Thomas G. McCloud,* Paul A. Klueh,* Kay C. Pearl,* Laura K. Cartner,* Gary M. Muschik,* and Karyol K. Poole$
*Chemical Synthesis and Analysis Laboratory and $Fermentation Production Facility,
SAIC Frederick, NCI-Frederick Cancer Research and Development Center, Frederick, MD

Presented at the American Society of Pharmacognosy - 37th Annual Meeting - July 27-31, 1996, Santa Cruz, CA


In response to a request from the Developmental Therapeutics Program (DTP) of NCI for illudin M for research purposes, the Natural Products Support Group, Chemical Synthesis and Analysis Laboratory, FCRDC, undertook the investigation of several routes by which illudin M could be obtained in quantity. An examination was made of the mature fungal basidiocarp of Omphalotus illudens, which was found to contain only illudin S, and subsequently, two species of Omphalotus growing in liquid shake culture, both of which produced illuden M and S. Normal and reverse phase chromatographic methods where developed that allowed for rapid quantitation of the desired compounds from fermentation broth. Fermentation conditions where optimized for the production of illudin M by O. olearis and 4.4 gm of the desired compound was isolated.


PART 1: Isolation of illudin M from mature basidiocarp

   The fruiting bodies of Omphalotus illudens are found throughout eastern North America, often in the fall of the year, occurring in large clumps at the base of decaying trees or stumps. The common name for O. illudens is 'Jack-O'-Lantern' mushroom both because the basidiocarp has the orange color of a ripe pumpkin from which a 'Jack-O'-Lantern is carved, and because they sometimes exhibit bioluminescence. Although the toxicity of Omphalotus species is well known, occasional human poisonings occur when collectors confuse them with edible Chanterelles or with Laetiporus sulphureus, the 'Chicken-of-the-Woods' mushroom.5, 10

   Omphalotus illudens was collected (TGM) on Catoctin Mountain, Frederick County, MD, on October 4, 1992. These where quickly frozen, lyophilized, finely ground in a Wiley mill (4mm mesh) yielding 2.63 kg, which was extracted exhaustively with dichloromethane (DCM): methanol (MeOH)(1:1). A combined dry weight of 242 gm of crude extract was obtained. Extraction of the marc was continued with 100% MeOH and afforded an additional 86.3 gm of extract. Thin layer chromatographic analysis (tlc)(on glass backed silica 60 (EM 5729-6) developed onece with chloroform: MeOH (9:1, M:Rf 0.56, S:Rf 0.24) and visualized with vanillin-sulfuric acid) demonstrated that both of these extracts contained illudin S. They where combined, resolubilized in MeOH:water (1:1), and partitioned against n-hexane. Thge hexane layer was withdrawn, and the aqueous layer waas re-partitioned against DCM. The DCM solubles where dried in vacuo to give 12.7 gm of illudin S enriched crude extract. This was adsorbed onto 25 gm silica (Davison Chemical, grade 22, 60-200 mesh, lot #12/89) and flash chromatographed9 on 1.27 kg of the same silica using hexane: ethyl acetate (1:1) isocratic. Ten pools where formed based on similar appearance on tlc. No spot corresponding in Rf to illudin M was observed. Crystallization of pool 7 (245 mg) from DCM/hexane gave 139.0mg of colorless needles. This crystalline product exhibited identical NMR, MS, & UV spectra to a standard of illudin S obtained form the DTP Repository and to data reported in the literature.3, 12 Purity of these crystals was shown to be greater than 99% by both reverse and normal phase HPLC.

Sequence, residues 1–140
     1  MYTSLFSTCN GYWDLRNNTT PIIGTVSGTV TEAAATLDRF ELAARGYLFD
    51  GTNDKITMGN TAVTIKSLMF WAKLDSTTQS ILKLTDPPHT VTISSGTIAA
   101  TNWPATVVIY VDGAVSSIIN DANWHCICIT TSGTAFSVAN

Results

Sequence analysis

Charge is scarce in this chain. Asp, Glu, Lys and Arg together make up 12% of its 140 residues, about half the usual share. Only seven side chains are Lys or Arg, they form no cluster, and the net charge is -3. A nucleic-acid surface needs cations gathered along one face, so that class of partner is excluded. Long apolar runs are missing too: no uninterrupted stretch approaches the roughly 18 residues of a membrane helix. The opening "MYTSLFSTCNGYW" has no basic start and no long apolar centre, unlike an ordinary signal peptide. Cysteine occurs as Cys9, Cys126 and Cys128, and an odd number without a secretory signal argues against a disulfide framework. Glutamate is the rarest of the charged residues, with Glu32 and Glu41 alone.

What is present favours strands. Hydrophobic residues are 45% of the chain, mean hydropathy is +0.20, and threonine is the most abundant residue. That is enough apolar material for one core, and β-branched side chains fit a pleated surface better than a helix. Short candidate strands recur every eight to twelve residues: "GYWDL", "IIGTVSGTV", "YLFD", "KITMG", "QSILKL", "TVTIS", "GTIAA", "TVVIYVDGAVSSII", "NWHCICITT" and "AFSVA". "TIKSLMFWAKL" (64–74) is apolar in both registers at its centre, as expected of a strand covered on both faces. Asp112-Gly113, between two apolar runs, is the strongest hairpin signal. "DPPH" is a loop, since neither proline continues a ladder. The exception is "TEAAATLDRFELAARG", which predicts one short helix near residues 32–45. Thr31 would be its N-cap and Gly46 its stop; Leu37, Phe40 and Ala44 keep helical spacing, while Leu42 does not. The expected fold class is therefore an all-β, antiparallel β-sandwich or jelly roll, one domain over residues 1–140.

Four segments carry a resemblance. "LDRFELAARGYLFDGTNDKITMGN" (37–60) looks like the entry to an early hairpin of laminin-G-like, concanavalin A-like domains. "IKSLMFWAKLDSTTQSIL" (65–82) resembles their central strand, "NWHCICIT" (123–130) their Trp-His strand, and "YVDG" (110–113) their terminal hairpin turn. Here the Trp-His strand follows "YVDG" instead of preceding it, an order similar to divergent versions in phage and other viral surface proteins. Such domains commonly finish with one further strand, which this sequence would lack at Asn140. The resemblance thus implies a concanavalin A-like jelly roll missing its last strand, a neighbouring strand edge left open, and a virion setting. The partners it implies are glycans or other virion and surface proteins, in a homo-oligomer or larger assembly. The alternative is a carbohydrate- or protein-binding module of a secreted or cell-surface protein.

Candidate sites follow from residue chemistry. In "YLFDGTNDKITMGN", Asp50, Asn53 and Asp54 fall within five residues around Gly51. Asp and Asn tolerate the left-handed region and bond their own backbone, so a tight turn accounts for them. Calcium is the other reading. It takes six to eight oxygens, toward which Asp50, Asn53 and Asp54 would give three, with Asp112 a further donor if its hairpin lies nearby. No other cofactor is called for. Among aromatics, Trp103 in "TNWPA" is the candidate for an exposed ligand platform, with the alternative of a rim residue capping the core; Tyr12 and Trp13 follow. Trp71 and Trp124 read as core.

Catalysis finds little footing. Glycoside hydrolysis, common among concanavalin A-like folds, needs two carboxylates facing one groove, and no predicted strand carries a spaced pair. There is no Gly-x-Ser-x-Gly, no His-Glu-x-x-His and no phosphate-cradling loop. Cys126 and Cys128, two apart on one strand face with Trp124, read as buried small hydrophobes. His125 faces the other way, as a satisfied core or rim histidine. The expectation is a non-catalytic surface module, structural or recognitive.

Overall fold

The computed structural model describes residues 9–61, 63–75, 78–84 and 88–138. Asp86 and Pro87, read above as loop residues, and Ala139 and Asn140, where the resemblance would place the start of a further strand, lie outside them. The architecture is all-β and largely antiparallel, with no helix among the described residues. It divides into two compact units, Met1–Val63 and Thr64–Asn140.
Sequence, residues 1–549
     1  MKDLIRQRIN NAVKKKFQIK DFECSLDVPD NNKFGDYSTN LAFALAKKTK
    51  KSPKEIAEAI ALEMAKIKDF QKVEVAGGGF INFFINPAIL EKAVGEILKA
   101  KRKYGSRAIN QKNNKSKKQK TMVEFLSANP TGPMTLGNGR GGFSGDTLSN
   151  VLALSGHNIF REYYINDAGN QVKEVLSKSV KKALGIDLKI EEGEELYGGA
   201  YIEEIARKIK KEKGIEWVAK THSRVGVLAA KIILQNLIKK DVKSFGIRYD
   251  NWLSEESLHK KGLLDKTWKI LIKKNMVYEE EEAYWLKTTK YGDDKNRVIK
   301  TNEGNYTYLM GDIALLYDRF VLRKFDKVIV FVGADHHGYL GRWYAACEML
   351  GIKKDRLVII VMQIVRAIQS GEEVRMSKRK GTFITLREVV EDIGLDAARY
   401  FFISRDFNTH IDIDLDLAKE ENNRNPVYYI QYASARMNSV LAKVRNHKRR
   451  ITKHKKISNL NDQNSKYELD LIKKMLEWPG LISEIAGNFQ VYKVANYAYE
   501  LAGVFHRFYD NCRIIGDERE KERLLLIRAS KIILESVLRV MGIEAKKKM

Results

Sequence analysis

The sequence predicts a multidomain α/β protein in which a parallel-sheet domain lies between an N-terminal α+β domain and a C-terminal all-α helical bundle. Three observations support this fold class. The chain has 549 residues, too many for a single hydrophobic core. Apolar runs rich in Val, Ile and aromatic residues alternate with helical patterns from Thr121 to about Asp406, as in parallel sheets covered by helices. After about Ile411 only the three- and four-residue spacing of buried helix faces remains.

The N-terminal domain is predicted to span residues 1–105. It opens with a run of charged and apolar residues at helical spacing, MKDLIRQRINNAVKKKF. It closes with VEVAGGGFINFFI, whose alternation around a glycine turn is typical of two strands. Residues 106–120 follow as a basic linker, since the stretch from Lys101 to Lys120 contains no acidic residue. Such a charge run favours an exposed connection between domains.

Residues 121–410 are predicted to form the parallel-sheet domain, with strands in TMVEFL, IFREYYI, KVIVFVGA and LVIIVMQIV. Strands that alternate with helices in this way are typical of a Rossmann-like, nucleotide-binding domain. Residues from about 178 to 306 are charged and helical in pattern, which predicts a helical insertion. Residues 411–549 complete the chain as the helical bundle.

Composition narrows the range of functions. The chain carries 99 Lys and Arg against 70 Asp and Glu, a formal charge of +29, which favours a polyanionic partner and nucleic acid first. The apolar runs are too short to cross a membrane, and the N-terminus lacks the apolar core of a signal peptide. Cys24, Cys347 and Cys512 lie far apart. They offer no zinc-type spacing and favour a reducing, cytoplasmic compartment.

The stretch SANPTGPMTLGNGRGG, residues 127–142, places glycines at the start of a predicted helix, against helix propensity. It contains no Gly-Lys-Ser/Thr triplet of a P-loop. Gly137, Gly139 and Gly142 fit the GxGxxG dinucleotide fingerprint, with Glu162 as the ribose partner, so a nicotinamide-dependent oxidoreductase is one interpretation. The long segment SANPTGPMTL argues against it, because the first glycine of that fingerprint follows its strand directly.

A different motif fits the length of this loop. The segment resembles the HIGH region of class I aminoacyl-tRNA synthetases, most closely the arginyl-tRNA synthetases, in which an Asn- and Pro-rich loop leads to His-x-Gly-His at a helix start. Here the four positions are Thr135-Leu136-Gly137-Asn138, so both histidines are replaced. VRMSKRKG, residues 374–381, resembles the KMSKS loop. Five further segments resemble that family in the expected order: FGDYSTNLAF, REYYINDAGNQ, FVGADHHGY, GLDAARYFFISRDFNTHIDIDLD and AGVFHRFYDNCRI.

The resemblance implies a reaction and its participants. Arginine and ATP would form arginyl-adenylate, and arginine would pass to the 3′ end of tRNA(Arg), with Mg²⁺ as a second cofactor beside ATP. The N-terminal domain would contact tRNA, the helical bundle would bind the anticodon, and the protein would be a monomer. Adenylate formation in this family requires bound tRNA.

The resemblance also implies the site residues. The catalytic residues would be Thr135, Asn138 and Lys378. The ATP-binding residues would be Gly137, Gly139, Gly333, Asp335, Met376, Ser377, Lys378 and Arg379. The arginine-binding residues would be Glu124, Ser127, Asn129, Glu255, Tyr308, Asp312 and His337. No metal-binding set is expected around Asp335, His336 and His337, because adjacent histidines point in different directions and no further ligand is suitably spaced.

A single, mature, freeze-dried basidiocarp was separated into cap, gill, and stem portions, each separately solvent extracted and analyzed for illudin content by reverse-phase HPLC. The three chromatograms were similar, and indicated that illudin S was present in all parts, though in lesser concentration in the stem. No illudin M was detected in the mature fungal basidiocarp. The ammount of illudin S in an avarage sized basidiocarp has been calculated to be ~0.5 mg.

*Most mycologist consider O. illudens and O. olearis to be synonymous, however, both names are still used. Separation into   two species was formerly based on the larger spore size of O. olearis.

PART II. Isolation of illudin S and M from fermentation broth

   Cultures of Omphalotus illudens (UT 02212) and Omphalotus olearis (American Type Culture Collection (ATCC) 11719) were grown on soy-peptone-glucose-starch (SGSM) and PNSM media, shaking, and on Potato-Dextrose broth (PDB), stationary. Ethyl acetate extracts from each were assayed by tlc and HPLC (figure 2) for the production of the desired compound. In order to quantify illudin during fermentation both normal and reversed-phase HPLC analytical methods were developed. The system consisted of a Waters 600E Multisolvent delivery system with Millenium 2010 Chromatography Manager v. 2.00 with eluate monitored by a Waters 996 photo diode array detector. HPLC columns were Rainin Dynamax 8 silica, 4.6 x 300 mm with 4.6 x 15 mm guard column, solvent system: 95% DCM: 5% MeOH isocratic @ 1 ml/min, retention time; M:4.4 min, S: 7.8 min for normal phase and Waters Bondpack 10 C18, 3.9 x 300, MeOH/water 8:2, isocratic, @ 1.0 ml/min, retention time; M: 4.4 min, S: 3.2 min for reverse phase. Solvents were HPLC grade and sparged with helium at 5 cc/min. The detector response was found to be linear between ~0.1 and 1.0 g/ml @ 254 nm for pure standards of illudin S and M, which were obtained from the DTP Repository.